The phone number from 'Squid Game' is causing a South Korean prank call apocalypse.
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Please Stop Prank Calling The ‘Squid Game’ Phone Number

The phone number from Squid Game is causing a South Korean prank call apocalypse.

Netflix is making some edits to Squid Game, the Korean drama that is on track to be its most popular show of all time. But not because of its brutality or explicit content: It’s removing a phone number.

In Squid Game, a phone number on the back of a brown paper card stamped with a circle, a triangle and a square is central to the dramatic crux of the first two episodes. After he is chosen by an anonymous, well-dressed man to play a children’s game to earn money, our desperately debt-laden protagonist Seong Gi-hun is given a card with a phone number on it. In order to opt into Squid Game — where players compete to the end for the chance for their debts to be paid off — you must call the phone number. Later, he shows the card to the police, and the number is disconnected.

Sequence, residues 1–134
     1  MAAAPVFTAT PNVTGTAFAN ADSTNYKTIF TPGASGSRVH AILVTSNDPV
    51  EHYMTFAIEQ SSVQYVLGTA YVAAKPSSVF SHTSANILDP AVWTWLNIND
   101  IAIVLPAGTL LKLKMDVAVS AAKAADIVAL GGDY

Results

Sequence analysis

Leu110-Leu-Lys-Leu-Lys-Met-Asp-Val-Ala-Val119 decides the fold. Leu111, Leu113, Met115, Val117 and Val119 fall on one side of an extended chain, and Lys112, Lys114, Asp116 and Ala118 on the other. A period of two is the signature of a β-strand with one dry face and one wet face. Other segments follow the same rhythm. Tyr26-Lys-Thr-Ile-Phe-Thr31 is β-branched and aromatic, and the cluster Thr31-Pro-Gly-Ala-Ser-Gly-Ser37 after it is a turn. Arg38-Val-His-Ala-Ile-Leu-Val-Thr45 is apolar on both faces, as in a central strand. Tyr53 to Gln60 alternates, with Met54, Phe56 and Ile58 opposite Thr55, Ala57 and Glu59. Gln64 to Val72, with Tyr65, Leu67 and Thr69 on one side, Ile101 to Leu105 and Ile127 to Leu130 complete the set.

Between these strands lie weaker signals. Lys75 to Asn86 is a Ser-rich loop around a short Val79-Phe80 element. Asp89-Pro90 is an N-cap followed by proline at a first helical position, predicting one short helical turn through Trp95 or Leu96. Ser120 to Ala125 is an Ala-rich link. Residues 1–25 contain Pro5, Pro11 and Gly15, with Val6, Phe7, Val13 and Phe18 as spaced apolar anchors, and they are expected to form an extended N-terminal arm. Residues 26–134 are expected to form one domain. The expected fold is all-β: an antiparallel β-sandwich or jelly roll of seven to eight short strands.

It turns out that’s a real number on the back of the card — and several Korean citizens who have the same number or even phone numbers close to it say they’ve been bombarded with prank calls and messages since the show’s premiere, according to the Wall Street Journal.

Hanna Kim, an office worker in Seoul told the WSJ she started receiving calls and texts from strangers asking her, “Is this Squid Game?” She reached out to Netflix and Siren Pictures, who told her they wouldn’t compensate her for any inconvenience. WSJ talked to another man in South Korea who said he received 4,000 calls a day, and now needs medication to sleep at night from the stress. Sure, Squid Game is insanely stressful to watch, mostly because of the real life implications of the enormous debt crisis in South Korea — but it shouldn’t be scary IRL. The poor man says he doesn’t even watch Squid Game, which is understandable, but his loss!

After a barrage of complaints, Siren Pictures and Netflix are editing the phone number out of the scenes — though it will still be shown in trailers on YouTube. It also begs the question why the show would use a real number to begin with. In the U.S., the number “555” has been reserved for use by Hollywood — is there not an equivalent in Korea? Apparently, the Korean Film Council restricts how phone numbers can be used in films, but not TV shows — making anyone’s number fair game.

If you haven’t watched Squid Game yet, watch the trailer, below. Just don’t call anyone.